Blazing A Path Into The Future Of Champagne

14th April 2023

Blazing A Path Into The Future Of Champagne

Charlotte De Sousa Is Uniquely Leading The Movement Towards A More Inclusive Industry

The story of Champagne DE SOUSA is one of family values and ethics of respect for nature.

An atypical success story that has its original roots outside of Champagne, all the way down South on the Iberian Peninsula. Champagne DE SOUSA is the only Champagne House of Portuguese origins. Manuel DE SOUSA was among the many Portuguese soldiers called to fight in the French trenches during The Great War.

Post-World War I, Manuel, seeking a better future for his family, moved his wife and newborn son, Antoine, from Braga, near Porto, to Avize in Champagne’s famed Côte des Blancs. Sadly, a brain tumor would tragically claim his life at the young age of 29. Still fate had not yet spoken its last word! If Manuel never got to realize his dream of a “better life”, Antoine would.
Now a young man, Antoine changed the course of the family’s destiny when he met and married Champagne native Zoemie. Together they founded Champagne DE SOUSA in 1950 and launched a family tradition, spirit and culture passed on from generation to generation.

When second generation, Erick De Sousa (Antoine’s son) took over the estate with his wife Michelle, he broke grounds by being one of the first winegrowers in the Côte des Blancs to have the foresight to champion biodynamics in the region well before it became le mot du jour.
Champagne De Sousa spans 14 hectares over 93 different parcels and produces around 100,000 bottles a year. The House stands out for its exceptional Champagnes that are defined as gourmet, mineral and fine.

Vines older than 50 years plunged deep into the soil, fermentation in oak barrels, “batonnage”, natural yeast to initiate the first fermentation, use of malolactic fermentation, sparing use of Sulphur dioxide, ancient practice of “poignettage”, horse plowing as well as hand riddling, and a prise de mouse to the classical sound of Mozart are all the unique and special elements part of the Champagne De Sousa foundation and exceptional savoir-faire that encapsulates the House’s essence: “Un Champagne de precision” (a Champagne of precision).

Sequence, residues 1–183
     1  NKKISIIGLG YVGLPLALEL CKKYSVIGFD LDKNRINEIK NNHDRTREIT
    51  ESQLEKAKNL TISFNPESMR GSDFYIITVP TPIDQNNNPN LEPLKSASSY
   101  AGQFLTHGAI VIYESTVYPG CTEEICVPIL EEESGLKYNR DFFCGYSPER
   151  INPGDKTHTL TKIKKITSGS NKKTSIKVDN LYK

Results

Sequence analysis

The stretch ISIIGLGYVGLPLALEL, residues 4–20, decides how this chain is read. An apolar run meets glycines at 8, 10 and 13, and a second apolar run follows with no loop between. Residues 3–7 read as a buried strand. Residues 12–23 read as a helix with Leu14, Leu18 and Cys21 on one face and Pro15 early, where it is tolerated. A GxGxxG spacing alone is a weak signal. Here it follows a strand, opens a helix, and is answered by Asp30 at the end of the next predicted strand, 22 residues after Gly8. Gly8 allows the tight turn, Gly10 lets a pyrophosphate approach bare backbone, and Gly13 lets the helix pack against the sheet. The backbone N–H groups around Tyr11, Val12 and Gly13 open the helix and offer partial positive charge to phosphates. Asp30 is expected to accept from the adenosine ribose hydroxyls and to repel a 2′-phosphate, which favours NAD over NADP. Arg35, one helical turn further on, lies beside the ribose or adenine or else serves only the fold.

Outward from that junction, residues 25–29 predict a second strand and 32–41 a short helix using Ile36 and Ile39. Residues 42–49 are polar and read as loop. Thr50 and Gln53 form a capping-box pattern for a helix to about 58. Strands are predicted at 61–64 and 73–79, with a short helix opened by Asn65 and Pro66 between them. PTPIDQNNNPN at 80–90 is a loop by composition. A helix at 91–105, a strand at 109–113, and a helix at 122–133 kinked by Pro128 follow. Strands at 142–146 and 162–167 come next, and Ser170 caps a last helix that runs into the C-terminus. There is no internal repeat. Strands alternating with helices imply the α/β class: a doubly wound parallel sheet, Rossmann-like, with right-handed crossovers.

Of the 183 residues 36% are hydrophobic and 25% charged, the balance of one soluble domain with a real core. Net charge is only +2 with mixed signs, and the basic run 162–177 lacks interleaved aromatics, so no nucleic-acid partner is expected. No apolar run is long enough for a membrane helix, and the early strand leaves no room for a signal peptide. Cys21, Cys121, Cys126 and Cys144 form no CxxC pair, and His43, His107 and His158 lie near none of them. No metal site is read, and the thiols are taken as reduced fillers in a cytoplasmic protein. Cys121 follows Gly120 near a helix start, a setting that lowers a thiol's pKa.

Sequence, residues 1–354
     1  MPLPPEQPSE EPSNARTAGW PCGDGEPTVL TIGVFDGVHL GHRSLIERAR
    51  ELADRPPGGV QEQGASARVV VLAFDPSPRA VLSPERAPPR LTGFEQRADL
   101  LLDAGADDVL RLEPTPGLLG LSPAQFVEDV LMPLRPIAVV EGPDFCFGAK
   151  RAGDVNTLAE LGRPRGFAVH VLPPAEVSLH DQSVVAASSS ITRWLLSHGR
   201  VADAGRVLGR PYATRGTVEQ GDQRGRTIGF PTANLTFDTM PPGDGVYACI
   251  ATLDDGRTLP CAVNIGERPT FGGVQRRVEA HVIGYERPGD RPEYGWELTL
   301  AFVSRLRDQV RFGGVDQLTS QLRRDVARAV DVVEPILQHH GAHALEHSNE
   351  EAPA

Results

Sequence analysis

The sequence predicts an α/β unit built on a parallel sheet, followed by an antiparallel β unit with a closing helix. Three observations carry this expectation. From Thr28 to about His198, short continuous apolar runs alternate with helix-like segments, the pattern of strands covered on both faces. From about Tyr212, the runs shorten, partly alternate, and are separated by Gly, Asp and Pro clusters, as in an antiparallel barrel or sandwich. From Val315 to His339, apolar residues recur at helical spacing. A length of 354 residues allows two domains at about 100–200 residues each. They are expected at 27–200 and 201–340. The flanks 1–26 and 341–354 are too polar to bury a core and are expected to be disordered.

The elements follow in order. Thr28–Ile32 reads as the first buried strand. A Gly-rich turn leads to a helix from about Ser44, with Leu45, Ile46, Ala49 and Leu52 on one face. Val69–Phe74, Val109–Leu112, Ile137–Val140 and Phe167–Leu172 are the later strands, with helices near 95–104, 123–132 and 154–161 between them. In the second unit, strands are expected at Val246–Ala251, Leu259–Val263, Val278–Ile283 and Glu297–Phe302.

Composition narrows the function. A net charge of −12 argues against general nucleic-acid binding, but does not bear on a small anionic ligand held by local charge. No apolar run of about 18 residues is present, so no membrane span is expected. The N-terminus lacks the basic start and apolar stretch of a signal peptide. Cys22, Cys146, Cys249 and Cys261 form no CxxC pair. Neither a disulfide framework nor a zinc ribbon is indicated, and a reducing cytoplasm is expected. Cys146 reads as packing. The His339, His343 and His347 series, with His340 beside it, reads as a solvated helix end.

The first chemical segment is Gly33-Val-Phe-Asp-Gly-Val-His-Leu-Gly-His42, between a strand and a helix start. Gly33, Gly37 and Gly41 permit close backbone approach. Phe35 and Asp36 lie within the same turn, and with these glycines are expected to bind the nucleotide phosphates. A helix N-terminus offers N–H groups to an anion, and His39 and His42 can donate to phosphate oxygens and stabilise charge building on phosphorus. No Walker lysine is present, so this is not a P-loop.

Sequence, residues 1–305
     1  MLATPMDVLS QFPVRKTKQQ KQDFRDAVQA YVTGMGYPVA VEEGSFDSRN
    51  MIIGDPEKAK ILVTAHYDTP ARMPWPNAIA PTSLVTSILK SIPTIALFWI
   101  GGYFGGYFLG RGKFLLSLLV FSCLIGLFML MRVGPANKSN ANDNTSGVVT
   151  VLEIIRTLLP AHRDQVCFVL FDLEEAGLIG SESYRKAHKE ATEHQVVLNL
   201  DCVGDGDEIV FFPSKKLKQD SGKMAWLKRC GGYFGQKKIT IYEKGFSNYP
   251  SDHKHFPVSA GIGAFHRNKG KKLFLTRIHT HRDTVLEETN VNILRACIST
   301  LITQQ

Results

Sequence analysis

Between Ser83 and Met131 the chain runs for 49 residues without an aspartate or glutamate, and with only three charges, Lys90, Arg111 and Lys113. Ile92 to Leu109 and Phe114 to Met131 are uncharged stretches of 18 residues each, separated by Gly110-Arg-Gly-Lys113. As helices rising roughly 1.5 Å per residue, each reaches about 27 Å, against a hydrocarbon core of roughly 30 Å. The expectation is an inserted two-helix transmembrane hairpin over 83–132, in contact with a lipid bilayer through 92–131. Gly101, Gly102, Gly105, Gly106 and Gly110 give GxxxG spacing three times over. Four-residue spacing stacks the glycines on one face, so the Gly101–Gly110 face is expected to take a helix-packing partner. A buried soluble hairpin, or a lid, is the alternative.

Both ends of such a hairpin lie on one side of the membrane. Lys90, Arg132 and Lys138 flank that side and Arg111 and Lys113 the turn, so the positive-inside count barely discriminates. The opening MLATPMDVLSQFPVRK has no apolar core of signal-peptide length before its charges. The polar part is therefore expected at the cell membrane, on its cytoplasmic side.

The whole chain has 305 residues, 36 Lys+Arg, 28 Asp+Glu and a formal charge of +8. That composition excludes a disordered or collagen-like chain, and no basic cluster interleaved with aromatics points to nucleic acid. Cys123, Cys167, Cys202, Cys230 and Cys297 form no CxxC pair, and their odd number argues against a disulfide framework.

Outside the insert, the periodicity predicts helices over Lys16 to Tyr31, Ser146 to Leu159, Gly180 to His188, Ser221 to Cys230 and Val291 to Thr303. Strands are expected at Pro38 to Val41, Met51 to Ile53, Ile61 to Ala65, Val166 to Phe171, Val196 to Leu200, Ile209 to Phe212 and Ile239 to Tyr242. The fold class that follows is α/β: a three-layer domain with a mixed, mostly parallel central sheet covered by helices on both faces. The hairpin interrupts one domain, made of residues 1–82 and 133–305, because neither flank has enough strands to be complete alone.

Today Erick’s children, Charlotte, Julie, and Valentin are at the helm of the House.

The third generation took the reins during the 2020 harvest with the same visionary leadership and creativity as their predecessors.

Leading the marketing and Communications branch of the Champagne house, Charlotte De Sousa is already revolutionizing the Champagne industry. She is not only growing the house’s diverse portfolio with the introduction of the tiny unique production cuvées Umami and Mychorize, but she is also expanding and enhancing its profile and visibility by making the DE SOUSA savoir-faire (know-how) more accessible and convenient to the deaf community.

A series of short videos translated into sign language have been released on YouTube to inform and educate the deaf community about the history of the house, the cuvées and biodynamic certification. (

In addition, Charlotte and her sister have learned sign language to host deaf-friendly visits at the estate. It is no surprise Champagne De Sousa has earned a reputation as one of the finest Champagne houses on the Côte des Blancs.

It was such a distinct joy to chat with Charlotte de Sousa and highlight her incredible work.

Can you take us through the story of Champagne De Sousa? How did your family migrate from Portugal to Avize in Champagne, France?

“The history of the domaine start in 1950 after the wedding of Antoine DE SOUSA (my grandpa) and Zoémie BONVILLE (grandma), she was a native of Champagne and my grandfather arrived in France with his family when he was a child. it’s because of World War I that a lot of young Portuguese men were called to help the French soldiers. My great grandfather (Manuel) was one of them. After the war, he brought his family to live in France. This is how Antoine grew up in Champagne, learned French and settled in France. He met Zoémie, married her in 1948 and they created Champagne DE SOUSA in 1950.”

Champagne De Sousa is a family affair. You, with your sister Julie and brother Valentin, are the fourth generation at the helm of the house. Did you always know you would join the family enterprise?